Belize is famous for it’s underground rivers, the most amazing example of which is probably The Caves Branch River. We include a floating river tour of The Caves Branch River in our Belize Adventure Week package.

But apparently, Belize is not the only place with such amazing natural wonders — witness Puerto Princesa Underground River in the Philippines:

The Puerto Princesa Subterranean River National Park is located about 50 kilometres (30 mi) north of the city centre of Puerto Princesa, Palawan, Philippines. The river is also called Puerto Princesa Underground River. The national park is located in the Saint Paul Mountain Range on the northern coast of the island. It is bordered by St. Paul Bay to the north and the Babuyan River to the east. The City Government of Puerto Princesa has managed the National Park since 1992. The park is also known as St. Paul’s Subterranean River National Park, or St. Paul Underground River. The entrance to the Subterranean River is a short hike from the town of Sabang.

In 2010, a group of environmentalists and geologists discovered that the underground river has a second floor, which means that there are small waterfalls inside the cave. They also found a huge cave dome, measuring 300 meters above the underground river, incredible rock formations, large bats, a deep water hole in the river, more river channels, another deep cave, marine creatures, and more. Deeper areas of the underground river are almost impossible to explore due to oxygen deprivation.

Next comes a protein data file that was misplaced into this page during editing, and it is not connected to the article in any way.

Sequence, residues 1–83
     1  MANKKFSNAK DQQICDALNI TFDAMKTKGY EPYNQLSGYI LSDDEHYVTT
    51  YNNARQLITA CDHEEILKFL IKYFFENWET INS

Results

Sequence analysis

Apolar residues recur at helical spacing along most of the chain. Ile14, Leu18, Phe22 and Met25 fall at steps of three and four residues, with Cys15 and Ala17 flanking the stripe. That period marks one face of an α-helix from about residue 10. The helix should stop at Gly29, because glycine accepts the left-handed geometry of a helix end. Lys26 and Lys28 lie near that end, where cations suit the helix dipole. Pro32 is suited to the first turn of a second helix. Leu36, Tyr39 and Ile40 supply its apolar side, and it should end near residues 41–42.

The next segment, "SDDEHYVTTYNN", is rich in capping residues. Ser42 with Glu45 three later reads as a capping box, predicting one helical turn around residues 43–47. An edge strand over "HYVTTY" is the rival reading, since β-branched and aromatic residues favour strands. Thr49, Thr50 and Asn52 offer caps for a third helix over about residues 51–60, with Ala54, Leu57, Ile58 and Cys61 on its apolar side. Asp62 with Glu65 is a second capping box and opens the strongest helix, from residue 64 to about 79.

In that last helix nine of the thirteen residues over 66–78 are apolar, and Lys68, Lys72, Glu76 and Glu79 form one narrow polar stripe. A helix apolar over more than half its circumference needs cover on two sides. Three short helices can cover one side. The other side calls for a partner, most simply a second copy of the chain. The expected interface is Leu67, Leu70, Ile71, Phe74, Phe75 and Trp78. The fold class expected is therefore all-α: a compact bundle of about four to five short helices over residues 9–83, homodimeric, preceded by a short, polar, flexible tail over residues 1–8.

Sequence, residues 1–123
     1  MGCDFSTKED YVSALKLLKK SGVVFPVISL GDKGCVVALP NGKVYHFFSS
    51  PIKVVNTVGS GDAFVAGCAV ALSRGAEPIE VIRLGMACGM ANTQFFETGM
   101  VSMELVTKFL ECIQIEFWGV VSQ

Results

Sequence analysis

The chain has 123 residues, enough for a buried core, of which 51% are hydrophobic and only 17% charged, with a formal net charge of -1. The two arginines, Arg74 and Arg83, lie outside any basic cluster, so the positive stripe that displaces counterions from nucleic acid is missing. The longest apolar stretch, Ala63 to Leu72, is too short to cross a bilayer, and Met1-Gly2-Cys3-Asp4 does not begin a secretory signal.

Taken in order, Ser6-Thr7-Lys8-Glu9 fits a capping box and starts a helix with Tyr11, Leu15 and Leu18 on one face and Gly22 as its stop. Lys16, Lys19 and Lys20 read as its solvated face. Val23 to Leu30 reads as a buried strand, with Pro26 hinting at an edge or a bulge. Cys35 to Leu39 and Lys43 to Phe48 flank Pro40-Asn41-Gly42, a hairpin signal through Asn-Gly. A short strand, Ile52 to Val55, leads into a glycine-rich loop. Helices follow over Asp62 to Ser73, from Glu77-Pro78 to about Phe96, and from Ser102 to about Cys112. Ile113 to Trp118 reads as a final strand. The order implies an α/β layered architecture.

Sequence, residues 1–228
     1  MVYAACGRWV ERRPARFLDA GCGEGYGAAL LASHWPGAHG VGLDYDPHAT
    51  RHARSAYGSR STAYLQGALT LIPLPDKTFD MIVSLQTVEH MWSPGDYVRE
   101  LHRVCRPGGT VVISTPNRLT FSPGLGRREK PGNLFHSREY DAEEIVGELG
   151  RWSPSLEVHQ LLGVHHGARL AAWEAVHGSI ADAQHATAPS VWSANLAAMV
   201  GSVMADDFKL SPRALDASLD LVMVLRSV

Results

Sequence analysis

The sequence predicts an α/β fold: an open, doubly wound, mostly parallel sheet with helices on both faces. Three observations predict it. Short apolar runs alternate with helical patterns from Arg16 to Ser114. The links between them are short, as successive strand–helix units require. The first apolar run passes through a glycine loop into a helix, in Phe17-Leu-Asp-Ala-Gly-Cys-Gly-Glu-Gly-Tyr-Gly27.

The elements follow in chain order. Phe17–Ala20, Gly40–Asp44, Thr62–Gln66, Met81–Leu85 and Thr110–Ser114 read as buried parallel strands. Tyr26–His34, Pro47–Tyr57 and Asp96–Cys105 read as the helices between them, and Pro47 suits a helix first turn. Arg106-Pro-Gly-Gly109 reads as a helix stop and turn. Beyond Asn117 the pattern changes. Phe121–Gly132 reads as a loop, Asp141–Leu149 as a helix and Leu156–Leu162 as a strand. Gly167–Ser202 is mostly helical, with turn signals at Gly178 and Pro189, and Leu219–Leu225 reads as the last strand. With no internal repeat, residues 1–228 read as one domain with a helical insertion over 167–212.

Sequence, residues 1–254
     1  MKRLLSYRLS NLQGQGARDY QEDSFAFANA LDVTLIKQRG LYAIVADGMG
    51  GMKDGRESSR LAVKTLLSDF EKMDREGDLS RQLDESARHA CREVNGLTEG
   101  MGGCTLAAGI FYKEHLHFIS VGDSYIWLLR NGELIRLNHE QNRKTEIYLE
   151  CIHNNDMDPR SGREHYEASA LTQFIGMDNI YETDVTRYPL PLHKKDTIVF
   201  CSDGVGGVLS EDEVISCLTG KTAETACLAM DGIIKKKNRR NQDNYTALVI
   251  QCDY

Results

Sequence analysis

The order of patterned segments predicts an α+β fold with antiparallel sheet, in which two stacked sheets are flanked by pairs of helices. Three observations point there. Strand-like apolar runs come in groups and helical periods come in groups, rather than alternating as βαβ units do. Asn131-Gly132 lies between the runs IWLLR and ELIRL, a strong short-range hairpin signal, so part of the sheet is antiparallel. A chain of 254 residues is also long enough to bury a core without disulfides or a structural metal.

On November 11, 2011, Puerto Princesa Underground River was provisionally chosen as one of The New 7 Wonders of Nature. This selection was officially confirmed on January 28, 2012.

Puerto Princesa Underground River was entered as the Philippine entry – and topped the first round of voting – in the New7Wonders of Nature competition, and on July 28, 2011, after the second round of voting, it was declared 1 of 28 finalists. Mayor Edward S. Hagedorn extended his gratitude to all those who supported and voted for the PPUR. On November 11, 2011 it was provisionally chosen as one of the “New 7 Wonders of Nature”, together with the Amazonia,Halong Bay, Iguazu Falls, Jeju Island, Komodo Island, and Table Mountain.